I can’t lie to you about your chances, but… you have my sympathies.


Exercise, done right, has been found to reduce the risk of dying from any cause by at least one third with a 9% reduction for every one hour of vigorous exercise performed per week. To be fair, studies which calculate such risks are inherently flawed. They assess exercise through questionnaires, which makes it difficult to reliably judge the amount and intensity of exercise, and whether people stick with a given exercise level and for how long. That’s why I like to look at the exercise-health correlation using fitness as the marker. Because fitness is a direct consequence of exercise, and it is something we can objectively measure in the lab.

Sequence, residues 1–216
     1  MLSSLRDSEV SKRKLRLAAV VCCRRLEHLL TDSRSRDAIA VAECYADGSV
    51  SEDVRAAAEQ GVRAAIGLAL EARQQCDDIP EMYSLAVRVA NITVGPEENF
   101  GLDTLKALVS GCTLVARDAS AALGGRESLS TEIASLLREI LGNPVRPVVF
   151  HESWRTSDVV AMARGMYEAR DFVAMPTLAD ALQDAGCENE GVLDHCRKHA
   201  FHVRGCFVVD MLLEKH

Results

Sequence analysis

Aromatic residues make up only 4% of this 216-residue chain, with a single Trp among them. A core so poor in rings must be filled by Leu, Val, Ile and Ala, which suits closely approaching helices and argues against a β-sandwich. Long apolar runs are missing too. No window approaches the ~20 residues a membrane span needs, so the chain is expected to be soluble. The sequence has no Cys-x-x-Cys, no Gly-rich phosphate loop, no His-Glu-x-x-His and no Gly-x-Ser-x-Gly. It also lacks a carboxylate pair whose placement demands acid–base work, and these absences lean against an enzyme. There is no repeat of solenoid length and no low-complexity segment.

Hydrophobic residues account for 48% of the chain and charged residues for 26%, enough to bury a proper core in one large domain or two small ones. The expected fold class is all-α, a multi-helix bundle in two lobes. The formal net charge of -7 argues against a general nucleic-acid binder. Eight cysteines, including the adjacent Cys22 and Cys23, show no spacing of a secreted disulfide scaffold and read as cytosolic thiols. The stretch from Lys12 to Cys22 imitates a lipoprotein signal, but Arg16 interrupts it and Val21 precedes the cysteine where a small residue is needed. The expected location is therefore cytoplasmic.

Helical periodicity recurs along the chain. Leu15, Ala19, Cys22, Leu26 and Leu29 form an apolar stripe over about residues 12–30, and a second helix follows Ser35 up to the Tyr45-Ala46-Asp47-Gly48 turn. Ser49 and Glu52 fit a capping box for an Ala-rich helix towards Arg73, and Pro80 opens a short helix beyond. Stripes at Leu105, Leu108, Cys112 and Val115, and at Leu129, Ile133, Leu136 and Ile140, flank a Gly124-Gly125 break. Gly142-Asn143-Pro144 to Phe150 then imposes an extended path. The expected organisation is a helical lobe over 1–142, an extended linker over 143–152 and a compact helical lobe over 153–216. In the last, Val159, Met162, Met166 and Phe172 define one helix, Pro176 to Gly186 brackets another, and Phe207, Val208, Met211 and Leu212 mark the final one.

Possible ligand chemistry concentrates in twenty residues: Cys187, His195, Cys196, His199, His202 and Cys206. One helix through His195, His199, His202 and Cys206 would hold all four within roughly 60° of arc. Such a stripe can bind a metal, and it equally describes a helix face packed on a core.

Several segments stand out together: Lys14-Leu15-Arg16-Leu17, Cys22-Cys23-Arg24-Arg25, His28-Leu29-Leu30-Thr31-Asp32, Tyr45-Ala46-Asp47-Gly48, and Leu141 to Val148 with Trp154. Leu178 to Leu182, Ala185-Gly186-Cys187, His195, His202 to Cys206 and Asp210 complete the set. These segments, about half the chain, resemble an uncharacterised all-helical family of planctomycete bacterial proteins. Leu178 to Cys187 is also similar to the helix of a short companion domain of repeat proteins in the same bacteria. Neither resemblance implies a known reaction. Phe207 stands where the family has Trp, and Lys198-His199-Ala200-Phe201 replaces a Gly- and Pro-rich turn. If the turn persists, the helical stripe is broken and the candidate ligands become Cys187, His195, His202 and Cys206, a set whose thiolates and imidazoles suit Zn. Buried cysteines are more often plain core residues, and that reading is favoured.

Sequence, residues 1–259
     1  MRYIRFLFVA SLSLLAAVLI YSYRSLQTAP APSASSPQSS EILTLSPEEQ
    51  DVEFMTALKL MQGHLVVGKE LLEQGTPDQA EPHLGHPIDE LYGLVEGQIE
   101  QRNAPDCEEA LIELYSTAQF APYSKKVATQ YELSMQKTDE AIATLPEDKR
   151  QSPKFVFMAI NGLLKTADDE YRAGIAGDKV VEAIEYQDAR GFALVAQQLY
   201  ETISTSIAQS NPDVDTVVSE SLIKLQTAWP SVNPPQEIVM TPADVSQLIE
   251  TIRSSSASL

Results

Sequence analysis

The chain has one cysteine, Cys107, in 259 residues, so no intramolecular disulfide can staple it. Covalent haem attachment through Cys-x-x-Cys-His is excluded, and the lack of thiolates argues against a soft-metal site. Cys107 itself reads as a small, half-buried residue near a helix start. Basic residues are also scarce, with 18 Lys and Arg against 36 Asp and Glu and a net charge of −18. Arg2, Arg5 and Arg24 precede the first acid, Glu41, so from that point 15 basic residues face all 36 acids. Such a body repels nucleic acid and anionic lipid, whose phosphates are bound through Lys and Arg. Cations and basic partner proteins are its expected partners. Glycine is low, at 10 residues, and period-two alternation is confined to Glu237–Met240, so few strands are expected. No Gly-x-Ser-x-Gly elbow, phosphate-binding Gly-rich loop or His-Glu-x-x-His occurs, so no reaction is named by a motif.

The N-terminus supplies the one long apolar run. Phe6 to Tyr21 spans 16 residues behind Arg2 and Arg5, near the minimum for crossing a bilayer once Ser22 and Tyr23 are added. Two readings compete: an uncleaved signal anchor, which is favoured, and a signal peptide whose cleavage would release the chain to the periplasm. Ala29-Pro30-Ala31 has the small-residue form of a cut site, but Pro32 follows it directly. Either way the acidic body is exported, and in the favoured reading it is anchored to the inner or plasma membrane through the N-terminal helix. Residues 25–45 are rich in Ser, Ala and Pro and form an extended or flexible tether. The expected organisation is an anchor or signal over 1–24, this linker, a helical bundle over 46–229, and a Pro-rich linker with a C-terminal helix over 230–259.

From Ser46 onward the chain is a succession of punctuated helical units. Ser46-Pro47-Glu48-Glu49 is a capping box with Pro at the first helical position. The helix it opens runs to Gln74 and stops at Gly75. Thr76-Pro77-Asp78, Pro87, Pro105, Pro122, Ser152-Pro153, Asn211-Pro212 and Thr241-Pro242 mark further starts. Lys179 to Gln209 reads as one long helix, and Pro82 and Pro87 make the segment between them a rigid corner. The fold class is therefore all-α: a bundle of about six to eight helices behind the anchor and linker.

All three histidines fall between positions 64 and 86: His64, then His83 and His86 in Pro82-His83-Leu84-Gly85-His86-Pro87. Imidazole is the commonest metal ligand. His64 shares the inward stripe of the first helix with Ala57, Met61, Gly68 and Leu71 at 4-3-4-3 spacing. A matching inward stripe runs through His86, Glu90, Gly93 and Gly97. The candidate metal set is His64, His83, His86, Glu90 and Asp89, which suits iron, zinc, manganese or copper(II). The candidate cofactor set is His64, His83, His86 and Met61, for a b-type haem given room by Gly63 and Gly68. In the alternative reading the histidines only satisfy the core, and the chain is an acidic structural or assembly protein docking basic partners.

A fit 45 years old man has only one quarter the lifetime risk of dying from cardiovascular causes compared to his unfit peer. And 20 years later, at the age of 65, being fit means having only half the risk of an unfit 65-year old. (…)

The association of fitness with cancer is not as well researched as with cardiovascular disease. But the available data clearly point to a substantial effect. In a study performed in 1300 Finnish men who were followed for 11 years, the physically fit ones, when compared to their least fit peers, had a 60% reduced risk of dying from non-cardiovascular causes, which means mostly cancer.

{ Chronic Health | Continue reading }

photo { Jason Florio }